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*** The most notable aspect of this stand was the 21st Ohio Regiment's defense of Snodgrass Hill. Armed with 5-shot Colt revolving rifles, the 21st Ohio used their superior firepower to hold off wave after wave of Confederate assaults. Confederate troops taken prisoner by the 21st were stunned when they realized they had been fighting only a single regiment, most of them thinking they were fighting an entire division. Eventually the unit ran out of ammunition, having fired more then 43,000 rounds, and was ordered to make a bayonet charge with just 1 round per man, which ultimately failed. Still, they held their position until nightfall and then retreated under the cover of darkness. Of the 560 defenders on Snodgrass Hill, 265 were killed, wounded, or captured. This including the commanding officer, Lt. Colonel D. M. Stoughton, who was wounded and died a few months later, and the executive officer, Major Arnold [=McMahan=], who was taken prisoner.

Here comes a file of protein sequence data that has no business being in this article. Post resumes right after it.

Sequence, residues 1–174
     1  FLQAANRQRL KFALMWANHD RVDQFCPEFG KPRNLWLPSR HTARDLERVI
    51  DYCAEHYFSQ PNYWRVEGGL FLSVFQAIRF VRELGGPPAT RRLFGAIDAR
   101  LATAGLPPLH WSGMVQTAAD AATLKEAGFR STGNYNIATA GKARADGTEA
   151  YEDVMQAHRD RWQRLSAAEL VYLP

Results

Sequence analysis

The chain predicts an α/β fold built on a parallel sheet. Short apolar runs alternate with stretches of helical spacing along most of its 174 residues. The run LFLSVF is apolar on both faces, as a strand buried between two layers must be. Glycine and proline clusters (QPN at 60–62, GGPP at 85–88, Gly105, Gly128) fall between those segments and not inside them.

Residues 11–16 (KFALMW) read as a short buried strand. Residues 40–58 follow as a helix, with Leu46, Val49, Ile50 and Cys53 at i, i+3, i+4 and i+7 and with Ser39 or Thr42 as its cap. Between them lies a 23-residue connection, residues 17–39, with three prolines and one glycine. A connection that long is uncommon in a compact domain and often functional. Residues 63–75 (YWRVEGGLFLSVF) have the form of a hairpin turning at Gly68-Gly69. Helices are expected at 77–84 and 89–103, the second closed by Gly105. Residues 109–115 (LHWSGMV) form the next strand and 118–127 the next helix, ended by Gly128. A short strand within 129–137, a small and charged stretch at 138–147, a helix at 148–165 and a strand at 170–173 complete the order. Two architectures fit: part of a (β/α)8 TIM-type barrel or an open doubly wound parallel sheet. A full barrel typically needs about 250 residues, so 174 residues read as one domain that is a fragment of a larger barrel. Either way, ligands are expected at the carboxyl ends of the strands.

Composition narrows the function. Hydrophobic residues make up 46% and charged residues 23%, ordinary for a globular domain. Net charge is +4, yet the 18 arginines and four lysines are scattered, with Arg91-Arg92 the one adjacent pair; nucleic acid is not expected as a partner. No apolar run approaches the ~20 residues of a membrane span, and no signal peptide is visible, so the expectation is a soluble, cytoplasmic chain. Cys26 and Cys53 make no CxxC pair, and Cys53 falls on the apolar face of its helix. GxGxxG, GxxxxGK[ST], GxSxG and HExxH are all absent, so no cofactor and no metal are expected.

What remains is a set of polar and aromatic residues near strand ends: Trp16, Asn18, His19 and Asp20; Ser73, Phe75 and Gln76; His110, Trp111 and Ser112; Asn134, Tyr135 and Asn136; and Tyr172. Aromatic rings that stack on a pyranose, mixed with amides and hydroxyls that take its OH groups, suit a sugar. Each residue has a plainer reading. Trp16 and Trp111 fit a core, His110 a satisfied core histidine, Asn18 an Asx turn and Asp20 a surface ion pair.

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*** The most notable aspect of this stand was the 21st Ohio Regiment's defense of Snodgrass Hill. Armed with 5-shot Colt revolving rifles, the 21st Ohio used their superior firepower to hold off wave after wave of Confederate assaults. Confederate troops taken prisoner by the 21st were stunned when they realized they had been fighting only a single regiment, most of them thinking they were fighting an entire division. Eventually the unit ran out of ammunition, having fired more then 43,000 rounds, and it was ordered to make a bayonet charge with just 1 round per man, which ultimately failed. Still, they held their position until nightfall and then retreated under the cover of darkness. Of the 560 defenders on Snodgrass Hill, 265 were killed, wounded, or captured. This including the commanding officer, Lt. Colonel D. M. Stoughton, who was wounded and died a few months later, and the executive officer, Major Arnold [=McMahan=], who was taken prisoner.